good robots do what they're told

Home Brew Temperature Logger

Using a Raspberry Pi Zero, some cheap components and some custom software, you can build a data logger to track ambient temperature in your home for around £10. Track days, weeks and months worth of temperature data and display some pretty graphs via the web.

'The "temperature machine" in action'

Order list

Item Price
Raspberry Pi Zero £ 4
SanDisk 8GB microSDHC memory card £ 4
2.54mm Header strip £ 0.89
DS18B20 1-Wire temperature sensor £ 1.45
1 x 4.7k Ω resistor £ 0.10
Some jumper wires or otherwise recycled wires with connectors £ 0.97
Data logging software FREE
Total £ 11.41

Optional extras You might also want to consider a USB Wifi adapter (about £ 6), a case (I like the one from Switched On Components at £ 3.80) and a USB to TTL serial connection for headless setup. Something with a PL2302TA chip in it like this module or the Adafruit console cable.

Setup the Hardware

Connecting the temperature sensor to the Pi is straight forward. There a loads of tutorials on the web but you’re looking to connect the following physical pins on the Pi to the following sensor connectors.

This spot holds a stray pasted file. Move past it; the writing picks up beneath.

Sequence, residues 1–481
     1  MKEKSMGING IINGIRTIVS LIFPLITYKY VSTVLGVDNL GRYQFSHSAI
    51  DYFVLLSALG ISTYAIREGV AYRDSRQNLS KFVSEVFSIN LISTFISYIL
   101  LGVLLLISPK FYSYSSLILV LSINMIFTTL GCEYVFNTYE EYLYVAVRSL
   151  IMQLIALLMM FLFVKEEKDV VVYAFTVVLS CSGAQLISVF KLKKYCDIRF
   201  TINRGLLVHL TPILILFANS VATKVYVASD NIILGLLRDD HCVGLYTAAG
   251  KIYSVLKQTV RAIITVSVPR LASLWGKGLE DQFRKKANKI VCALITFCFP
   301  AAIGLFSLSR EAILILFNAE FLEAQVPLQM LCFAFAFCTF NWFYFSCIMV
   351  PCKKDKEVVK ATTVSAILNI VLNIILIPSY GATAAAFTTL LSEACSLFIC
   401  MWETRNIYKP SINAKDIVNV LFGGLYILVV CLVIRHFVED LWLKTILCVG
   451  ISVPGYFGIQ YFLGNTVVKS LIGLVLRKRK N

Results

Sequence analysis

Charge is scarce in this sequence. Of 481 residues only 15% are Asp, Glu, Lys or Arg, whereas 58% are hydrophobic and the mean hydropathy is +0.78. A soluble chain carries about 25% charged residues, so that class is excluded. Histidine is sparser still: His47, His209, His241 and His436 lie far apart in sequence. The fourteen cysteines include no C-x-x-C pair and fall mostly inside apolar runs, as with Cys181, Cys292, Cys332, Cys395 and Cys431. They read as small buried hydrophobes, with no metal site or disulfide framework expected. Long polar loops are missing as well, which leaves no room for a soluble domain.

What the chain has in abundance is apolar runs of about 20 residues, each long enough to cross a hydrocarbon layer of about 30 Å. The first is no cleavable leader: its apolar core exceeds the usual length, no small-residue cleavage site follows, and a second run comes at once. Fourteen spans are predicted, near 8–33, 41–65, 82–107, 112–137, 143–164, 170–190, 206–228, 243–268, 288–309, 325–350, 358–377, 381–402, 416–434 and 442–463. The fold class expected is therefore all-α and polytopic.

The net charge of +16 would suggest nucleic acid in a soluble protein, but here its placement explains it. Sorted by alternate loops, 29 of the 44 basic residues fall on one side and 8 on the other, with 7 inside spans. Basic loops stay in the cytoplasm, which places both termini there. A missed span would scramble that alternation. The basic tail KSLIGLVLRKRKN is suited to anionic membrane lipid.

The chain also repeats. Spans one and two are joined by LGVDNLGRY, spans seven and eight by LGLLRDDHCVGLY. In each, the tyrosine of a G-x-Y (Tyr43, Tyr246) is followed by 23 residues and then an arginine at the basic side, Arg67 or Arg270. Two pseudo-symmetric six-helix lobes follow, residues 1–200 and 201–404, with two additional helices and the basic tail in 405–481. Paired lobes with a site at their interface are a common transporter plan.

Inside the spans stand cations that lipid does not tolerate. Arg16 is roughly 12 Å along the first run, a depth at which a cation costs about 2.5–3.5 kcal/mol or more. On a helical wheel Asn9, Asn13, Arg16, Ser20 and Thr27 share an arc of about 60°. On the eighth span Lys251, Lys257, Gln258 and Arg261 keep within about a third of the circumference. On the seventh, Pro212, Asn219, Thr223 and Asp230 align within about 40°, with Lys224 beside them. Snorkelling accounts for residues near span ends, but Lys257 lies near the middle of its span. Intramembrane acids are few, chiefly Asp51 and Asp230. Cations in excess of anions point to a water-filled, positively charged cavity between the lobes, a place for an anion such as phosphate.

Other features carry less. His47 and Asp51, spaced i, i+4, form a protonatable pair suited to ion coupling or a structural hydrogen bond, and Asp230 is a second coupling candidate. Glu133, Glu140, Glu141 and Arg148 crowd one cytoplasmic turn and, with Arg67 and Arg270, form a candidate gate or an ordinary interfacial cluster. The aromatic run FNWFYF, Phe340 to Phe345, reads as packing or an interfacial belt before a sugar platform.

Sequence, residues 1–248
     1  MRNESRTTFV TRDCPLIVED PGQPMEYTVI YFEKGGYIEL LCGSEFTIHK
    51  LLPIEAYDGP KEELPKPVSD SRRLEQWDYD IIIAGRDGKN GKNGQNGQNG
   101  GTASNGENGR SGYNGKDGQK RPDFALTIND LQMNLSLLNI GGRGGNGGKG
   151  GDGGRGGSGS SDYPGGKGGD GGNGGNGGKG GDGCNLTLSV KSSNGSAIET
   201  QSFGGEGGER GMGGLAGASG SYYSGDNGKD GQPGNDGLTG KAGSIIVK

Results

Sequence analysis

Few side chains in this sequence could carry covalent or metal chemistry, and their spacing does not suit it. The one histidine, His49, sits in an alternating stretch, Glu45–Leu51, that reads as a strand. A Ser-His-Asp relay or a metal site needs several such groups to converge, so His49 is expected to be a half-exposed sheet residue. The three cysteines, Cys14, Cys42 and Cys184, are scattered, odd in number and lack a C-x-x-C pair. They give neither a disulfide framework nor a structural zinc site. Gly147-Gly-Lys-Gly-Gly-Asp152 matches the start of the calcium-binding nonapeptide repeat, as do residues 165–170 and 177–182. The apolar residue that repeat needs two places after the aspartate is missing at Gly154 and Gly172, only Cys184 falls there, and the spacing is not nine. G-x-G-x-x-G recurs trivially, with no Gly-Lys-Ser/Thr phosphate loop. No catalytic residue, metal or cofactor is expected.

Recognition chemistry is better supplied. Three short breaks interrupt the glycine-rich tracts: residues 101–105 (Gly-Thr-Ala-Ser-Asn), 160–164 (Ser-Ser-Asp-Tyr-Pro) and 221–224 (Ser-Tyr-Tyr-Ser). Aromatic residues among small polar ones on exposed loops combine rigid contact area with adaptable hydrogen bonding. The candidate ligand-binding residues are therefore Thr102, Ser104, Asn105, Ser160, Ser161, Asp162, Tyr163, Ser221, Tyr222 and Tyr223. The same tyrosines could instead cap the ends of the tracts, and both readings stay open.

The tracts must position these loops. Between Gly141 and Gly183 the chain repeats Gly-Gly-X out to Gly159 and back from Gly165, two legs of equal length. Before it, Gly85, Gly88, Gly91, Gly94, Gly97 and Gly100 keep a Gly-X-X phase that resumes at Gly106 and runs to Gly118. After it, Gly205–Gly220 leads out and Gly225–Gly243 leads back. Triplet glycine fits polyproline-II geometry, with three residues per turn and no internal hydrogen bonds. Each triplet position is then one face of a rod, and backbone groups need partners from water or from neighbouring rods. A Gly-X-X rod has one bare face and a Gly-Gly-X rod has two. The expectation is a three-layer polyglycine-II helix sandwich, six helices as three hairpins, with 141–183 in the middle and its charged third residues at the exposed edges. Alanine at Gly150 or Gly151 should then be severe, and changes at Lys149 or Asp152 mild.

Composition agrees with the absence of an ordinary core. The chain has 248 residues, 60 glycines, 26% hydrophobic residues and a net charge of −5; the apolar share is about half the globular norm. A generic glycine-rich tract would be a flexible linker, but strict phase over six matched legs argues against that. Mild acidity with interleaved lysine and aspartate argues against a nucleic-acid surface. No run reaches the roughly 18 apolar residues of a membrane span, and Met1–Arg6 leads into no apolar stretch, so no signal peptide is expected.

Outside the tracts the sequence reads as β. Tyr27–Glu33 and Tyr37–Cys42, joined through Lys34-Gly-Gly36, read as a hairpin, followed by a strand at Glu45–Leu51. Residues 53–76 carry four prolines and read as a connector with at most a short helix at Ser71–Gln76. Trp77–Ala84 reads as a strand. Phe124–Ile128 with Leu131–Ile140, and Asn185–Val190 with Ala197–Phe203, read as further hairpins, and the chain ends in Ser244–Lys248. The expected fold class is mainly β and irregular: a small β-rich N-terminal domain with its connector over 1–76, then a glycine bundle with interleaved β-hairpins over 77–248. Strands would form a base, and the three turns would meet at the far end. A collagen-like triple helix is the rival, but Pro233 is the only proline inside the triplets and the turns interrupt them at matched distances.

Physical Pi Pin Description DS18b20 Connector
1 3.3v Power Power (red)
7 GPIO 4 Data (yellow)
9 Ground Ground (black)

The other thing you’ll need to do is connect the 4.7k Ω resistor between the power and data lines. This acts as a pull-up resistor to ensure that the Pi knows that the data line starts in a “high” state. Without it, it can’t tell if it should start as high or low; it would be left floating.

Setup the Pi

Make sure you have the following line in your /boot/config.txt. It will load the GPIO 1-wire driver and any attached temperature sensor should be automatically detected.


On the sensor itself, temperature measurements are stored in an area of memory called the “scratchpad”. If everything is connected ok, the contents of the scratchpad will be written to a file under /sys/bus/w1/devices/28-xxx/w1_slave (where xxx will be a HEX number unique to your sensor). Here’s an example from my w1_slave file.

4b 01 4b 46 7f ff 05 10 d8 : crc=d8 YES
4b 01 4b 46 7f ff 05 10 d8 t=20687

The temperature is shown as the t value; 20.687 °C in this case. The scratchpad allows you to program the sensor as well as read temperature data from it. See the data sheet or the project’s documentation for more details (including how to change the precision of the sensor).